The Woman Code by Sophia A Nelson — A Review

Do you know that feeling you have when you have tried to convey your knowledge on a topic, and then run across a book that presents that view clearly and comprehensively? Such was the feeling I got when I read The Woman Code, brilliantly systemized wisdom written by author and award winning journalist, Sophia A Nelson.

The sincere and open introduction tells how writing this book moved Nelson from broken hearted into a strong woman. While her stories of “loosing self” are familiar to most women, Nelson’s roadmap from crushed to whole is unique.

Realizing that collected messages from society, family and other relationships influence females to hide their talent, take submissive roles and loose touch with the real woman inside, Nelson encouragingly shares her strategies of valor and success, empowering the reader to be real and unpretentious. Reminding us, “Too much of what we do is exterior. By ‘exterior’ I mean that we are looking for the answers, the script, and the power that resides outside of us,” she keeps us at our true core where peace, fulfillment and genuine support can be attained.

The Woman Code exposes the personal, emotional, spiritual, professional and social areas where the distortions lie, and shares principles for making genuine life transformation. Quotes from authors, actors, leaders and dispersers of wisdom from all areas of life are road signs while Nelson’s words appear like rest stops welcoming the reader to bring forth her true self, “To be a woman is power in motion.”

The Codes challenge antiquated ideas on womanhood, including attitudes that women have toward one another. “Gossip” occupies an entire chapter – a fatal hidden saboteur of women’s power.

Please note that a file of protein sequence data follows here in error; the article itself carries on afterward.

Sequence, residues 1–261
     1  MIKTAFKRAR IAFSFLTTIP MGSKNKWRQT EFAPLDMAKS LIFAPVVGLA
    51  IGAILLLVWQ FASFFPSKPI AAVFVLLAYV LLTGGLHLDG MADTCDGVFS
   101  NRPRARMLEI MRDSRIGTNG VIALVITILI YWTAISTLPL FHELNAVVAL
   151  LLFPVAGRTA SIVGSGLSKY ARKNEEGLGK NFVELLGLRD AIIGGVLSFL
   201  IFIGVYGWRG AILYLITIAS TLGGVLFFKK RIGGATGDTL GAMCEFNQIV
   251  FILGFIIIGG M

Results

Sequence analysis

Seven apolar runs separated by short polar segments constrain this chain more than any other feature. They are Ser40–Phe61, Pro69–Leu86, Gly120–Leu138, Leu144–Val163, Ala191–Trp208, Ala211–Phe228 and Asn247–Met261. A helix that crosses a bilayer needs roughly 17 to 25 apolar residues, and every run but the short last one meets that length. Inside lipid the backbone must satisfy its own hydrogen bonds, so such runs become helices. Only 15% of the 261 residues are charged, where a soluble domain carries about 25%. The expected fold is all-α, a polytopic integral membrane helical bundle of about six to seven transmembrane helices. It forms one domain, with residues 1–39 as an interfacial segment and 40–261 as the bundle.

Gracefully, the lesson about the damaging impact of words is followed by vital messages on forgiveness and letting go, “The ability to apologize is a key virtue, that if learned early in life and practiced faithfully, will bless your life and lengthen your days.” Then when relationship dynamics become bitter diversions, the code of “untying and cutting” moves the reader through optimally loosening unhealthy connections, and getting back on track to living genuinely.

Refreshingly, Nelson dares to correct long-time practiced misconceptions of what power means for a woman, “We [women] ascend because we are capable, qualified, and gifted, not because we have to be like men.” Following rectification the book carries the reader through landscapes of courage and scenes of women lifting up each other.

Authenticity is the underlying theme of all the codes. As Nelson peals at the layers of identity slapped on by upbringing and social messages, she not only helps women access their core, she discreetly reveals how both men and women should mindfully treat our daughters.

The Woman Code is a straightforward, comprehensive guide to liberate the true woman inside. As increasing numbers of women travel the transformational path laid out in The Woman Code, we pave the highway for a sensible world.